Yap1   Yap2   Obelas  


James  Hopp: The Island of Yap

The island of Yap is located in the Pacific Ocean between Guam and Palua and is now a rather popular tourist destination. It is known for it’s incredible beauty and the amazing amount of marine life, especially manta rays, which are found off its coast. Scuba diving is very popular for visiting tourists. Although the dollar is the currency most accepted on the island, it was not always this way. Originally, large stone disks, some measuring up to 12 feet in diameter and weighing hundreds, or thousands, of pounds, made up the money system. What is even more interesting is that these huge discs are not native to the island. Instead, warriors and explores had to travel, by canoe, 300 miles away to neighboring Palua. There, primitive tools were used to hew the stones from a quarry, where they were perilously carried back to the island. The larger the stone, and the more dangerous the voyage it was carried on, the more valuable it is. For obvious reasons, the stone money was not carried around, but was mostly kept in large deposits, similar to banks. Individual ownership of each rock was, and still is, well known to natives on the island, and news of their transactions quickly spreads. In the mid eighteen hundreds, an Irish-American trader and adventurer,

David Dean O'Keefe, started a successful business using his ship to ferry large stones to Yap from Palua, receiving goods for trade. Although these “O’Keefe stones” are worth less then traditionally gathered stones, they are used nonetheless. And, despite the frequent use of the dollar now, these rocks are still used on the island today for large purchases, such as dowries, or land.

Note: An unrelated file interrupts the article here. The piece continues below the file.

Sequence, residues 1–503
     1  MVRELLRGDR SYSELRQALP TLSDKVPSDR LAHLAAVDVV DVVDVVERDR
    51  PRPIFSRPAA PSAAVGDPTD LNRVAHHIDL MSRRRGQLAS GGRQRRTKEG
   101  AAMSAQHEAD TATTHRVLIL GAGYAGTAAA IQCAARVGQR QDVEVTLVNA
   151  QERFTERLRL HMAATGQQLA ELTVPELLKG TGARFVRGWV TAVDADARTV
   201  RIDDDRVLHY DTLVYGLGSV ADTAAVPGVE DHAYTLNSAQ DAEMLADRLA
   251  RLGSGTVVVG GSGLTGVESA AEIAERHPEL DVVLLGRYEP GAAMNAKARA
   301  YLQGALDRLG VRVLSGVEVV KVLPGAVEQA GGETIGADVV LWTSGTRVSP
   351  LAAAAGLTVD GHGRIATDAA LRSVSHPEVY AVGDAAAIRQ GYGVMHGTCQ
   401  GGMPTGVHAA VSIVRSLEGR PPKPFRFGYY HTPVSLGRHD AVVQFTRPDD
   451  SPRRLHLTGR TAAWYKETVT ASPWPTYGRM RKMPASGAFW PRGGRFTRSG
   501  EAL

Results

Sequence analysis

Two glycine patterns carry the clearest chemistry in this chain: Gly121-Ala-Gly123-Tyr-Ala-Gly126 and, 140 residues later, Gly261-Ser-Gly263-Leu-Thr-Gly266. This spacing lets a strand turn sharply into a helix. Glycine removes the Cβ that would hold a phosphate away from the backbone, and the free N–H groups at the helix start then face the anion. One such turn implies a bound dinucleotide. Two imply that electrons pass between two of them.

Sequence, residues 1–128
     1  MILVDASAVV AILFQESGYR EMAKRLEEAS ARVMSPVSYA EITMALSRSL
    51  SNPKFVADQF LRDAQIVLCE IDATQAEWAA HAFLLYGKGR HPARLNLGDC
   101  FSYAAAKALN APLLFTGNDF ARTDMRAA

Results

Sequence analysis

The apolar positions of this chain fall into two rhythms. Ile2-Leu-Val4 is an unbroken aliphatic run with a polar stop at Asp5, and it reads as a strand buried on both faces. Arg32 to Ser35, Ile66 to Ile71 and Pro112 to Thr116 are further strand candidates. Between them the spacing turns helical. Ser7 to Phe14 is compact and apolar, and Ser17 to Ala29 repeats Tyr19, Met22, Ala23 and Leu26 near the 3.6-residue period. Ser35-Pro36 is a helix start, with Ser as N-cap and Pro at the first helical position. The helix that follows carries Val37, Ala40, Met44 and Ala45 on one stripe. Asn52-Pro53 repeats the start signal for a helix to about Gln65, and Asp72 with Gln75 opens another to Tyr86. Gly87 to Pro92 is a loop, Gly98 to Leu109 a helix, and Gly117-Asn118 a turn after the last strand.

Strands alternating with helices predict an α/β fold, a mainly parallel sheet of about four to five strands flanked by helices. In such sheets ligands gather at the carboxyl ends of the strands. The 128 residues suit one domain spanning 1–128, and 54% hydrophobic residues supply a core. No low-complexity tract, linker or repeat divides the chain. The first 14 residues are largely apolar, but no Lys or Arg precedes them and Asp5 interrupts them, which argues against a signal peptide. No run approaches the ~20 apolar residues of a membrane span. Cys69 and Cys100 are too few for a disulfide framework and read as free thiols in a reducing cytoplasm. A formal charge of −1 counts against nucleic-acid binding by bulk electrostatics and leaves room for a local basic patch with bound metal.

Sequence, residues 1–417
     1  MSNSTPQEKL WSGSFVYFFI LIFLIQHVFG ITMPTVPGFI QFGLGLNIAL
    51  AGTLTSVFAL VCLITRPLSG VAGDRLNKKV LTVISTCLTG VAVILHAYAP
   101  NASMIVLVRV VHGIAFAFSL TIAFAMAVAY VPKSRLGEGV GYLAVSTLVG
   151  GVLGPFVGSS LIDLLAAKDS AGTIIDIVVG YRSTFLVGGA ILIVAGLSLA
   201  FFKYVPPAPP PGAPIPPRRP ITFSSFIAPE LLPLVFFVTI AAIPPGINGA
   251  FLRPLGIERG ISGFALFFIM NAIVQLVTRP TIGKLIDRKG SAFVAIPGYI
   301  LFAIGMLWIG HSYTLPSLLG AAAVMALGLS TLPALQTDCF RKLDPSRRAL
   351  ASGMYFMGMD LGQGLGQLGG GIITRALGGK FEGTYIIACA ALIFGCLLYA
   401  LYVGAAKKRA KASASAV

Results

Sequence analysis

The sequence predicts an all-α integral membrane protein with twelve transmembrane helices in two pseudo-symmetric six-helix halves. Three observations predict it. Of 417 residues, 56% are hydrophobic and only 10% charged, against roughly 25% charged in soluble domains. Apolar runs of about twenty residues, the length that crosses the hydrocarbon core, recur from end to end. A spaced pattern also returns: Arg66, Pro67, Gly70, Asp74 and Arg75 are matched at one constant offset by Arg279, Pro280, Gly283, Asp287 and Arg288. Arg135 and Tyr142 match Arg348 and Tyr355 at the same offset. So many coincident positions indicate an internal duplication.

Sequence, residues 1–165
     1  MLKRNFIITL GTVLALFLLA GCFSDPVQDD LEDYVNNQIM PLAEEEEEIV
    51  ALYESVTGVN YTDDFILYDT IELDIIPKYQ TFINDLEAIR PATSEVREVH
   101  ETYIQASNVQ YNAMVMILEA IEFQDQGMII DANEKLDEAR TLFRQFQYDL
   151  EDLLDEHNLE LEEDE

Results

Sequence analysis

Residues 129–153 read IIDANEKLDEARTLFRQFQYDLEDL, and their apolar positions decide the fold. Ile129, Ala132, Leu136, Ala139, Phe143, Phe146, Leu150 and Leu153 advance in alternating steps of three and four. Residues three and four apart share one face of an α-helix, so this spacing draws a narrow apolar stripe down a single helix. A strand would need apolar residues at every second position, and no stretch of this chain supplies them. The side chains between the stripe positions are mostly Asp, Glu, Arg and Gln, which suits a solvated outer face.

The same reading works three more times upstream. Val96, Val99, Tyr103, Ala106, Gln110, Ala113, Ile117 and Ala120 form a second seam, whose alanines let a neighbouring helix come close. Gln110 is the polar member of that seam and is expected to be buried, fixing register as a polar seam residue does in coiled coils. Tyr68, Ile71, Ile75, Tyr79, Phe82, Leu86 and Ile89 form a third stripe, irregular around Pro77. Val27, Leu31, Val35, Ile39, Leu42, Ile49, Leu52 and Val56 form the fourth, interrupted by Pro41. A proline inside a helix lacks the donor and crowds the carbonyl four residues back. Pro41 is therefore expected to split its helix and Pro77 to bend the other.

Bradley  Chalmers:
Money on the Pacific Island of Yap

On the island of Yap, a small island in the Pacific, the traditional medium of exchange was the fei. Fei were stone wheels that were up to 12 feet in diameter that functioned as the money that we have today. They were used for transactions and exchanges, however due to their bulk and weight, it was difficult to take the fei to the market. Eventually, the people on the island paid little attention to having physical possesion of the stones, and focused more on the claims to the fei as money. In that way, people began to use the claims to the fei as the medium of exchange, and not the actual fei itself (very similar to the gold standard used before the civil war in the US). This is kind of like money backed by fei. A story to attest to this is that of an owner of a particular fei who lost it at sea during a storm, because the loss wasn't considered to be his fault, people still honored his claim to the fei even though the actual wheel lay at the bottom of the ocean.


Macroeconomics (Fourth Edition), Gregory Mankiw, Worth publishers, 1999


David  McFarland: Obelas

The form of money known as obelas was the smallest currency ever used. It originated in Greece and it was said that they were as small as an apple seed. People would often carry them in their mouths and would hope not to swallow them accidentally or sneeze.





OK Economics was designed and it is maintained by Oldrich Kyn.
To send me a message, please use one of the following addresses: ---

This website contains the following sections:

General  Economics:

Economic Systems:

Money and Banking:

Past students:

Czech Republic

Kyn’s Publications

 American education

free hit counters
Nutrisystem Diet Coupons